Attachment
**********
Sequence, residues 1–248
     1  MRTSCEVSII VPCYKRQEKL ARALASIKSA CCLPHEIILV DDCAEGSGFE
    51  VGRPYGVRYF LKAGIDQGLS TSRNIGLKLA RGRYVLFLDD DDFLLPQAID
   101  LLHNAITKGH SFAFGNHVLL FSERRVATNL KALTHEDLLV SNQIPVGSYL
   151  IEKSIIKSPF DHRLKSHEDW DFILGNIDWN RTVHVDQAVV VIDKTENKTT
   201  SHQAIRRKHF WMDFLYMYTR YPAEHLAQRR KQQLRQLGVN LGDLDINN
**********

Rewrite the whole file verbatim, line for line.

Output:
Sequence, residues 1–248
     1  MRTSCEVSII VPCYKRQEKL ARALASIKSA CCLPHEIILV DDCAEGSGFE
    51  VGRPYGVRYF LKAGIDQGLS TSRNIGLKLA RGRYVLFLDD DDFLLPQAID
   101  LLHNAITKGH SFAFGNHVLL FSERRVATNL KALTHEDLLV SNQIPVGSYL
   151  IEKSIIKSPF DHRLKSHEDW DFILGNIDWN RTVHVDQAVV VIDKTENKTT
   201  SHQAIRRKHF WMDFLYMYTR YPAEHLAQRR KQQLRQLGVN LGDLDINN